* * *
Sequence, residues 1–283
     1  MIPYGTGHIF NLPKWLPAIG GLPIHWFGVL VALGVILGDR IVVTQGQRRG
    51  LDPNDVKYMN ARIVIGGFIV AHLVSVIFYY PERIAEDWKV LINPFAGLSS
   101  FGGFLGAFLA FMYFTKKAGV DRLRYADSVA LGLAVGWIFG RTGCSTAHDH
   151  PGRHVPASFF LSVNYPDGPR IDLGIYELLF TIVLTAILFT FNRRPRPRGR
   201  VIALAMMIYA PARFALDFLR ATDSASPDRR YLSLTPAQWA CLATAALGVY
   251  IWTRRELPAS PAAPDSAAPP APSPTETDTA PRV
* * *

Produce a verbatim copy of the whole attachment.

Sequence, residues 1–283
     1  MIPYGTGHIF NLPKWLPAIG GLPIHWFGVL VALGVILGDR IVVTQGQRRG
    51  LDPNDVKYMN ARIVIGGFIV AHLVSVIFYY PERIAEDWKV LINPFAGLSS
   101  FGGFLGAFLA FMYFTKKAGV DRLRYADSVA LGLAVGWIFG RTGCSTAHDH
   151  PGRHVPASFF LSVNYPDGPR IDLGIYELLF TIVLTAILFT FNRRPRPRGR
   201  VIALAMMIYA PARFALDFLR ATDSASPDRR YLSLTPAQWA CLATAALGVY
   251  IWTRRELPAS PAAPDSAAPP APSPTETDTA PRV